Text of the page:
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How and Why I started Nobl Media

Updated: Feb 22, 2021

By Cedar Milazzo, CEO & Founder.

You might think that a product like Nobl, which exposes misinformation in news articles, was inspired by a high-profile or tragic event involving fake news.

While there has been no shortage of well-documented instances around the world worthy of outrage and action, the origin of the company is, by comparison, less remarkable, but much more personal.

It began during a conversation at a family holiday dinner in 2016. The discussion veered into a variety of topics and at some point landed on a discussion about residents in the area near Yosemite, California who were killing possums en masse because they were spreading rabies to dogs. My father-in-law, who lived in the area, had been informed by an article on the internet and was convinced it was true.

However, my wife was a volunteer at the local wildlife rescue center and had extensive experience providing care to injured possums. In fact she had chosen to take care of possums specifically because no vaccination was required since opossums are not able to contract or spread the rabies virus. In the light of opposing information, there was confusion.

The article about the ‘dangerous epidemic’ that my father-in-law had read, created fear. That fear was real, but the basis for the fear — the information in the article — was false.

I thought, “Why isn’t there an app that lets you know if an article is credible or not?”

Over the next few months, I saw almost daily discussions and reports of “fake news” and other misinformation come up. Initially, I thought the big tech companies would quickly put a solution into place to fight this threat. Given the resources they have and their ability to mobilize small armies of bright people, I thought for sure this issue would quickly be resolved.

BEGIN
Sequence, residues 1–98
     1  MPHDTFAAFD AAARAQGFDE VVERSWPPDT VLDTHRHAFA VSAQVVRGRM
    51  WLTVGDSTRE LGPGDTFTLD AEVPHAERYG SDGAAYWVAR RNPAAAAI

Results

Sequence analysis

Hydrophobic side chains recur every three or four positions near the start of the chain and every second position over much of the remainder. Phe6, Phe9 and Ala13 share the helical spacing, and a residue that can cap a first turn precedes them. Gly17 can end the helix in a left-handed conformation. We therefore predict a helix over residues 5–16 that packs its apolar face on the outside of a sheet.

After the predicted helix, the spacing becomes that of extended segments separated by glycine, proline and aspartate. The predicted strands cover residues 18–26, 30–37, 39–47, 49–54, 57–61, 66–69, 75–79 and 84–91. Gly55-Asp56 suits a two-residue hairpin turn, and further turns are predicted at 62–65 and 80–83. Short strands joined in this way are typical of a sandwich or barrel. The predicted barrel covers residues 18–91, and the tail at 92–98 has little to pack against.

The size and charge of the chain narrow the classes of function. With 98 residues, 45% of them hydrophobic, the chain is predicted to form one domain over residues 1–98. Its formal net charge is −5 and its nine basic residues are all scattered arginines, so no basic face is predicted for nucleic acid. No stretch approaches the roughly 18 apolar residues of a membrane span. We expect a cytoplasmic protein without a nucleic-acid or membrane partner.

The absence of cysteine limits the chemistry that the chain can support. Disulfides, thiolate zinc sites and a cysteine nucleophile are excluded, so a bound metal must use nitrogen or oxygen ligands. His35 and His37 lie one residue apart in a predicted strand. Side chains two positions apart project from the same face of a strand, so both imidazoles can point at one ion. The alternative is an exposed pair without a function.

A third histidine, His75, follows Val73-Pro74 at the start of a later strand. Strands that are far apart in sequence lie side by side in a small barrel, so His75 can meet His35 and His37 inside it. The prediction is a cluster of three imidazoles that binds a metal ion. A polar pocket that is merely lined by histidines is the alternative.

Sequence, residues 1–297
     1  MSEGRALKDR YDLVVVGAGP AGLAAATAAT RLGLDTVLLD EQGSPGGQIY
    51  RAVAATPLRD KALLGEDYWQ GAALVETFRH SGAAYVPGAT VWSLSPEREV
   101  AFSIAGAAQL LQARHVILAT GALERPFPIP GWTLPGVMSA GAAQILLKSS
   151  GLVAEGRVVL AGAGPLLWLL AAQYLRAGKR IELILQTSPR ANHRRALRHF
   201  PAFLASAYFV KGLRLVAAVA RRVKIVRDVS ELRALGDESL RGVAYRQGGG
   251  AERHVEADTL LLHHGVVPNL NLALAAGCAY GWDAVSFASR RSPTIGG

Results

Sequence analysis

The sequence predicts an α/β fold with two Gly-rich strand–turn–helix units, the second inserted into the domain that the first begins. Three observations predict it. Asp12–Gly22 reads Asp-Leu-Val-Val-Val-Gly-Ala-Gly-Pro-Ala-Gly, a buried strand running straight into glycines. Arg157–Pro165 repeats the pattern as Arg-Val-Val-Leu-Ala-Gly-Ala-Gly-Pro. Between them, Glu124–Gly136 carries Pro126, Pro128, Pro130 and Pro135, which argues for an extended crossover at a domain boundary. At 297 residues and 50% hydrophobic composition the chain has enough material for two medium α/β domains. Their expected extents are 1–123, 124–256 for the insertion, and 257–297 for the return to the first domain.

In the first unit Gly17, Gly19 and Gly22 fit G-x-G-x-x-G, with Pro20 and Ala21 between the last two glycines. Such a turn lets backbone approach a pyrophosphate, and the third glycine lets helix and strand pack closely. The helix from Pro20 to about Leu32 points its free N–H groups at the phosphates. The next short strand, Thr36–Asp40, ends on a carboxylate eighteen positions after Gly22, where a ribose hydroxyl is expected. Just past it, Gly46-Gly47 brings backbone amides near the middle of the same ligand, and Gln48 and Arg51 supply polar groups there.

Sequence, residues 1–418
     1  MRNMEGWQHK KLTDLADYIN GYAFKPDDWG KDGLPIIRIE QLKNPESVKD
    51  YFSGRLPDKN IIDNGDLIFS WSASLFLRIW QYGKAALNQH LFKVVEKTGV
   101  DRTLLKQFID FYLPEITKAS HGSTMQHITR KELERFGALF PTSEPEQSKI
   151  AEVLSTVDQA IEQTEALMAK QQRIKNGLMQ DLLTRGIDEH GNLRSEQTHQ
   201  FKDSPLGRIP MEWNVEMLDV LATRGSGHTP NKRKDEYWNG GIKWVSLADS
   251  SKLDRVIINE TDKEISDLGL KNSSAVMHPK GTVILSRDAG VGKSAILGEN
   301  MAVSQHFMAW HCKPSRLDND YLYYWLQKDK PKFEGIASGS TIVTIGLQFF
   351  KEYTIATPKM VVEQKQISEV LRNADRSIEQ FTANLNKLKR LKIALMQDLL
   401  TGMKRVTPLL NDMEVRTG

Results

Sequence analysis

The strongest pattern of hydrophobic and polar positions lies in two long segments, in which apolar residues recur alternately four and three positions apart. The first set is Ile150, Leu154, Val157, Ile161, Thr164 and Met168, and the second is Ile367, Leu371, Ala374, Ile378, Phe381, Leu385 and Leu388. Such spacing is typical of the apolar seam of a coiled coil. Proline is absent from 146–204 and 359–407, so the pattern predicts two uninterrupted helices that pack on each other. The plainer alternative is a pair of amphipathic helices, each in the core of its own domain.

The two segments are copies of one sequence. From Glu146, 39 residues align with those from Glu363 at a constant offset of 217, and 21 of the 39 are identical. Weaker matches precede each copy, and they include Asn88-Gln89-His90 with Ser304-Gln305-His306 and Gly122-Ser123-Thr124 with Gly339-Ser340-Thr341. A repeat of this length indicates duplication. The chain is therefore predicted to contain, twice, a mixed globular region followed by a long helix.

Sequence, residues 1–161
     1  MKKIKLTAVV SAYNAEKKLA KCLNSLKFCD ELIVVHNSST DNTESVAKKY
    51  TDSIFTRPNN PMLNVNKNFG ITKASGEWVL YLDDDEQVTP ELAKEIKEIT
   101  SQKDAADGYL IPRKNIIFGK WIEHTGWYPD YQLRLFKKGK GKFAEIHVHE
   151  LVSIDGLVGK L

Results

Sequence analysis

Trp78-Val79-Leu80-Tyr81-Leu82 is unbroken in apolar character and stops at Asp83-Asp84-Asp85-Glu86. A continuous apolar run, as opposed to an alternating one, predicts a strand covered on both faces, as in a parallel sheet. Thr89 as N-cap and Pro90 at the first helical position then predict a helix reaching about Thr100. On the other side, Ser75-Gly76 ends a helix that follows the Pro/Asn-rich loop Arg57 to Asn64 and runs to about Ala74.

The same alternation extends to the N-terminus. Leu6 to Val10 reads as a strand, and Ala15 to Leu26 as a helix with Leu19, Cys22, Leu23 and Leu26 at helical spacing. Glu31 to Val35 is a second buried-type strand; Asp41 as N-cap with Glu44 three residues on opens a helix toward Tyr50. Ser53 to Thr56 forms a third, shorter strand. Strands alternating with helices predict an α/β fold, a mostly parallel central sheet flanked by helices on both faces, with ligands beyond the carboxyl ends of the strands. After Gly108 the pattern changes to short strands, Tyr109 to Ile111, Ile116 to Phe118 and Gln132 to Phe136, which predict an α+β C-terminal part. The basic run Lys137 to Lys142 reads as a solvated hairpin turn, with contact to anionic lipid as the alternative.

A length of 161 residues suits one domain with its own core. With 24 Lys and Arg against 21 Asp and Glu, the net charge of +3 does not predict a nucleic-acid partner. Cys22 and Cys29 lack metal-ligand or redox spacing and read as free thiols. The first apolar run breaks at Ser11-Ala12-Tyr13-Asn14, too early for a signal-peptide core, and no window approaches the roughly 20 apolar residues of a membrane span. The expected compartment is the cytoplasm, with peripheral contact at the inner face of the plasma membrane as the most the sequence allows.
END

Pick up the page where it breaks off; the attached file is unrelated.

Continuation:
It wasn’t. Wondering why, I delved into how the best-positioned tech companies operate. The obstacle seemed to be that fighting misinformation was actually against their business model. Seriously. Big social media companies such as Facebook, Twitter, Instagram, etc., make money when people stay on their site looking at more ads. This “engagement” as they call it, is actually increased by divisive, anger-inducing, or emotionally charged content. The more upset people get, the more they argue and share opposing content, the more they generate revenue for the social media platform!

After a few months of investigation and waiting for “big tech” to do something about it, I decided that if they weren’t going to act, I should.

In early 2017, I started the company that became Nobl.

I searched through the web for articles that I thought nobody would dispute as reliable news reporting (mostly local events) as well as obvious hoaxes and biased reporting. Using this data, I trained a very basic Artificial Intelligence to recognize the differences between these types of articles. I discovered that even by just looking at the “clickbaityness” of headlines, I was able to determine with a fairly high degree of confidence whether something was reliable or not! With a prototype ML model that was trained on only a few hundred examples of these different types of articles, I was able to get close to 90% accuracy.